It's easy when you can "re-educate" the NIMBYs after seizing their property like what the U.S. did to native populations when giving their land to railroads in the 19th century back when people's rights, environmental issues, and other such things had no meaning. And, when one runs a dictatorship, the only ones who are allowed to have power are subject to the decisions of the ruling bureau and if that group decides to build roads, airports or trains (easier to control people's movement with trains or planes), it is done or those with lesser power find they have joined those with none.
3x2 seating is very common in Asia in the standard/lower class. Most Asians are not as huge as Americans, who are large partly by nature and partly by excessive consumption and poor dietNotice the 3 and 2 seating on the China trains. Might be a very tight fit for many westerners ?
No insults please. We are just too short for our weight and insulting us because of our height being insufficient can get you an ADA complaint.3x2 seating is very common in Asia in the standard/lower class. Most Asians are not as huge as Americans, who are large partly by nature and partly by excessive consumption and poor diet
It used to be that most Asians were smaller than Americans because of the poor diet on the part of the Asians. Now the relative sizes are the same, but the Americans are the ones with the poor diet!3x2 seating is very common in Asia in the standard/lower class. Most Asians are not as huge as Americans, who are large partly by nature and partly by excessive consumption and poor diet
The Chinese HSR is sucking blood from every Chinese tax payer. It's a black hole and you don't even know how big the debt is because, there is never a transparency and truth from Communist Party.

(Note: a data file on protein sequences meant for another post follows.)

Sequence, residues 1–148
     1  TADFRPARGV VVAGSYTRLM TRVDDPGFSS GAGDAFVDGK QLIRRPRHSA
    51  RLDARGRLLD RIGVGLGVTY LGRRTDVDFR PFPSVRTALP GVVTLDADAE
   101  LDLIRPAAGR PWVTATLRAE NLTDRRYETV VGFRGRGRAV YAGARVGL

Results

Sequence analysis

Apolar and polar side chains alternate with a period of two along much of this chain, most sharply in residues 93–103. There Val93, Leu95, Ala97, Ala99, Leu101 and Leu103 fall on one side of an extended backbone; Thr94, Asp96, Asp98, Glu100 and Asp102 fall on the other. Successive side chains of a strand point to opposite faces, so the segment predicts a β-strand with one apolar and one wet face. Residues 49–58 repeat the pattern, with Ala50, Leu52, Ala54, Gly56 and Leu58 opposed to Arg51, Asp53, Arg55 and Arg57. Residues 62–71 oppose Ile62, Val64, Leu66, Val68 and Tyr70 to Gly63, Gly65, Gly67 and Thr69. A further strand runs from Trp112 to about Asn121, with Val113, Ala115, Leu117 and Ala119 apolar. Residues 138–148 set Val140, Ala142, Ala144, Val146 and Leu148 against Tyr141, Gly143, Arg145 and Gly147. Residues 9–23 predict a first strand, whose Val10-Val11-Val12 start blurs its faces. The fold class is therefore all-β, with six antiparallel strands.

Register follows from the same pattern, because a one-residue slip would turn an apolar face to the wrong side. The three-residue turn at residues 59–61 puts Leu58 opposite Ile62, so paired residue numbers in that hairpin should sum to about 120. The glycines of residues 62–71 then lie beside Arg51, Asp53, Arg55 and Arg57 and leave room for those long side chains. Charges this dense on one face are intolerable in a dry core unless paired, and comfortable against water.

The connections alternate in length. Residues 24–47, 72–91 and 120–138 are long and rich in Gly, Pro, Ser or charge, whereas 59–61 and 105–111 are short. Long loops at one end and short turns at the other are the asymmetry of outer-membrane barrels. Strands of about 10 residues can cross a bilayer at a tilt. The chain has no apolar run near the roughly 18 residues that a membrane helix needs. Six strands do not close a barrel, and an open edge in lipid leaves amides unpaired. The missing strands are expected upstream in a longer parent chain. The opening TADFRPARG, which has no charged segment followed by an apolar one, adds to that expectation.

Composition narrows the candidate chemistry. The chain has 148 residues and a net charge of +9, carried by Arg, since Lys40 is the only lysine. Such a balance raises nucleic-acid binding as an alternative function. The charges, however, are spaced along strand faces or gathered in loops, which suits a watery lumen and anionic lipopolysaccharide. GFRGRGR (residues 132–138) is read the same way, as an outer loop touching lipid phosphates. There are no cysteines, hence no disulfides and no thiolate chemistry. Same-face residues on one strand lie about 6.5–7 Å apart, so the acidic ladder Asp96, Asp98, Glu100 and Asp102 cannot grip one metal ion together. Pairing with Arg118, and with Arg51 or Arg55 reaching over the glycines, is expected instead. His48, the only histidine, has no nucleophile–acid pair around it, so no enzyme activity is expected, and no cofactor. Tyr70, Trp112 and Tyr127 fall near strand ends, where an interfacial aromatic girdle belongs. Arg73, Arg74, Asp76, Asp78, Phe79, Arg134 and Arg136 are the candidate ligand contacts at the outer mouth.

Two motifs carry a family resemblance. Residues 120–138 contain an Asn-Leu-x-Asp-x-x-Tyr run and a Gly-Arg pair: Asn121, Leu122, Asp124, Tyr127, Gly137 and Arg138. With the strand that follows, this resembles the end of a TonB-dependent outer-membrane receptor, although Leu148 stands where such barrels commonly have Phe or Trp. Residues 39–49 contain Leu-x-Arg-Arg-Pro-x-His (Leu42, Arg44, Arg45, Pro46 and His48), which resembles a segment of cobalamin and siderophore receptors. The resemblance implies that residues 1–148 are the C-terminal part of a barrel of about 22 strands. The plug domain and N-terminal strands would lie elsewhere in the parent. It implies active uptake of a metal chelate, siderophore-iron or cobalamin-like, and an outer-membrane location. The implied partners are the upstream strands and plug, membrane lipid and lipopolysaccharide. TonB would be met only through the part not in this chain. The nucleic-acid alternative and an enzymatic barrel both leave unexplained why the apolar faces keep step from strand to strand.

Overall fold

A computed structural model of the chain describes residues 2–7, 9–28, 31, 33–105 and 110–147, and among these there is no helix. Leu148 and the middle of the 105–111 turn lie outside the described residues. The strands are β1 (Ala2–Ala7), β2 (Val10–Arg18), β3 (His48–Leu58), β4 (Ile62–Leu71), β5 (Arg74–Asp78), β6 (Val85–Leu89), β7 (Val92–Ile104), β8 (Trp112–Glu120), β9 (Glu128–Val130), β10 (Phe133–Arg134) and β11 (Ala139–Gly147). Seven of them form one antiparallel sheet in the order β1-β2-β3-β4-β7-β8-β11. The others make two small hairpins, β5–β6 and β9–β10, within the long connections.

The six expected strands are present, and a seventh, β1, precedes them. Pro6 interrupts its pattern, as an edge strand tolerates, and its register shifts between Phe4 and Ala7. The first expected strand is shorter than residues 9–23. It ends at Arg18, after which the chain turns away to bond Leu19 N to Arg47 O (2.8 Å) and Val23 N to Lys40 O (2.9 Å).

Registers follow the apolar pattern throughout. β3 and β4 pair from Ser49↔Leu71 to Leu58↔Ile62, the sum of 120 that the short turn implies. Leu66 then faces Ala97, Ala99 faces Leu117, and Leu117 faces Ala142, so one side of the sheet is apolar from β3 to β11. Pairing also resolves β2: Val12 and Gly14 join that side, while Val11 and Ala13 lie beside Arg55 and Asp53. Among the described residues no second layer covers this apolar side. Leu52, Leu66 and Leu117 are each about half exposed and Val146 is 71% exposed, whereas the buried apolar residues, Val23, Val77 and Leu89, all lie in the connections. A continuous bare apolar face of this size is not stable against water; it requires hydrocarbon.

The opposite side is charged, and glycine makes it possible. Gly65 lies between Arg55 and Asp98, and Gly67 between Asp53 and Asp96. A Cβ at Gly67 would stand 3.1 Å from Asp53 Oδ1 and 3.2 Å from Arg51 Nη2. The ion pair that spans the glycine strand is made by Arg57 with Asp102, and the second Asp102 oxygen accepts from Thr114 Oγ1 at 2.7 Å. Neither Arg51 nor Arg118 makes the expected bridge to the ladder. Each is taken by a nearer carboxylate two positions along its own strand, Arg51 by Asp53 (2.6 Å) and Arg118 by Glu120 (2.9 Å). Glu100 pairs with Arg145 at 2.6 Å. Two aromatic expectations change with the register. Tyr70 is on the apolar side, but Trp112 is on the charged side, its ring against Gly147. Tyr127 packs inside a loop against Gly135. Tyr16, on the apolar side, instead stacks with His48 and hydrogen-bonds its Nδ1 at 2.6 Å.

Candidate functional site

This is a common point I hear, but I have never actually seen any evidence to back it up.
If we don't know how big the debt is, how do we know if there is actually a mountain of debt to begin with? Do you have any (reputable and conclusive) sources for your rather bold claims? The most common number I saw tossed around was 770B, but most articles often followed this point with admitting that the older lines began paying for themselves. I read that 5 out of 15 pay for themselves pre-covid.
Continued expansion at this rapid a rate of course would rack up a bill, but the system itself (if they stopped expanding) being a black hole of debt is another claim entirely.
Perhaps China sees this as an investment that pays back in alternate ways. There IS evidence to suggest that China's unbelievable growth in the past 20 years can be attributed in part to their HSR system.
The US interstates also sucked (and continue to do so) a lot of money, but we see it as a necessary investment.
"5 out of 15 pay for themselves pre-covid" is definitely not happening. Other than Jinghu line (Beijing South - Shanghai Hongqiao). You can get a ballpark number from Chinese propaganda , but bear in mind those numbers reported in propaganda are also most likely adjusted to make the government look good. Like how they report death tolls in Wuhan.
Any sources for your other claims?
While it may indeed be true, I always find it a little lazy to blame communism for difficulty to find credible numbers.
Have you yourself been to China? Seems like you have a pretty specific view of the country that informs your opinion about its trains.
Fair enough.I though I put a link is in the last post. Google translate is your friend. Born from China. Grow in China. I know what I’m talking about.
Bottom line is always be skeptical about anything you read about China because most of time people inside China also don’t get truth because of the great firewall.